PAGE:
So inquiry learning is simply “the required change” and post-structuralism is the means for bringing it about.

This all seems a long way from the concerns of the public who have probably never heard of post-structuralism and just want effective teaching. No political party has stood on a ticket of post-structuralism and yet this philosophy is being enacted in schools of education and, alarmingly, in the context of mathematics teaching; an area of critical public interest. There is no Brian Cox of post-structuralism whose duty it is to explain the concept to the masses.

And, of course, it’s absurd. To accept Klein’s position is to both hold an extreme relativist stance that ‘self’ is a fictional construct simultaneously with the absolutist position that inquiry learning is ‘required’. However, it does hint at the reasons why the lack of evidence for such approaches has not led to a revolution in education in favour of more effective practices.

Part of this is due to the current way that the training of new teachers is structured and incentivised. In part II, I will examine these issues in more detail.

*Thanks to @penpln for the link

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9 Comments on “We need to change the way that we train teachers – Part I”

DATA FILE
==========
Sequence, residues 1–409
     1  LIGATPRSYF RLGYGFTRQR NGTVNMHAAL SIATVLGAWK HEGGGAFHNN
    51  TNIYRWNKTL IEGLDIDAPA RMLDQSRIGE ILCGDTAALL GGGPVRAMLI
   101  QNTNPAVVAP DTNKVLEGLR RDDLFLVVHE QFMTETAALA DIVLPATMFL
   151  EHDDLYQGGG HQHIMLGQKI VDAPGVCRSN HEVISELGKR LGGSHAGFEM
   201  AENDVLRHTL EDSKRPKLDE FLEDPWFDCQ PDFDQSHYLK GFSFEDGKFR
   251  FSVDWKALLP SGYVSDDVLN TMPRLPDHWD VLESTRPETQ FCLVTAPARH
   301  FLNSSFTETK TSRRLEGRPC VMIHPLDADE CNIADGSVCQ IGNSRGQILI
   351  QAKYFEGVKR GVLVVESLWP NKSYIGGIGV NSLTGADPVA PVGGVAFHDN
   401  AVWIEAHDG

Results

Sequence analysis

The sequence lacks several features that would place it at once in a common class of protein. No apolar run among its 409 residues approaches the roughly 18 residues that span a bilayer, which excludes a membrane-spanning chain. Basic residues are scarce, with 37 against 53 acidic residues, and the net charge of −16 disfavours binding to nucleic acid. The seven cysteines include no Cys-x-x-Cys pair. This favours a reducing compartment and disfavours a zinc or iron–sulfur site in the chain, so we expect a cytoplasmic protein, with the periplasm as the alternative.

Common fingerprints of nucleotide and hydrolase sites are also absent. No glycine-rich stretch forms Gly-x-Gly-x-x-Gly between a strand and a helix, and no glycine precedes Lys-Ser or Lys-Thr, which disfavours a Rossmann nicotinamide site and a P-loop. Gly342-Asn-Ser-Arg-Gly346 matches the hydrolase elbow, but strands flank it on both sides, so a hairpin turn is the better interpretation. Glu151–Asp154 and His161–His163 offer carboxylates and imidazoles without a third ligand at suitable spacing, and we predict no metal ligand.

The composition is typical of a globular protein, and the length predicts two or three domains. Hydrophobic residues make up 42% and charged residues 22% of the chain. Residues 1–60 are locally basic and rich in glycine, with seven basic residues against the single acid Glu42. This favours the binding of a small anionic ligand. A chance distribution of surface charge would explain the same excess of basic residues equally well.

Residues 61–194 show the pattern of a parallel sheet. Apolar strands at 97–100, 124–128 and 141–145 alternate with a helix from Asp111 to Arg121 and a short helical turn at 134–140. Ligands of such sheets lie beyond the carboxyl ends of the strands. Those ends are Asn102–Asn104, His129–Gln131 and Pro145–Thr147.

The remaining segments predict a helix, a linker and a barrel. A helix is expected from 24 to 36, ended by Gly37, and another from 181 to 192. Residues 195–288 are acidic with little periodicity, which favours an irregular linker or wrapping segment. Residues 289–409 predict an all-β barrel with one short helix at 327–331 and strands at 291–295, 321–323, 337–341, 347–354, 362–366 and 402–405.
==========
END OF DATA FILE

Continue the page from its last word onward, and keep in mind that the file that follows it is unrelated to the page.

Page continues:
1. howardat58 says:

    I can’t wait for part 2
    There are teachers who are able to use an inquiry approach with considerable success, probably not many!
    Check this one out:
    Jennifer Wilson easingthehurrysyndrome.wordpress.com

    What is fascinating is the cyclical nature of “the best, or only, way to teach math”. I started in this game in 1967 with the appearance of the “New Math”, in the UK as the School Maths Project, good in parts and made fun of by Tom Lehrer.. Back and forth we go, again and again. One fundamental problem is that there is no agreement on the reasons for teaching maths. I sometimes wonder whether the “Back to Basics” brigade can actually do long division themselves.

    • Teacher_P says:

      I’d go further than just there being no agreement on why we teach maths.

      IMV, there’s no fundamental agreement on ‘What Schools are For’,

      Which is partly why, at least in the UK, many who can afford it send their kids to Independent schools where, despite the best efforts of Progressive educators having their attack-dogs (the English education inspectorate OfStEd) set on Independents, traditional liberal education still rules.

      And why ‘middle class’ kids still outperform their peers in state schools – parents make up for the deficiencies at school by teaching their kids to ‘sound out’ words when beginning to real, teach then their tables, long multiplication, division and column addition, etc.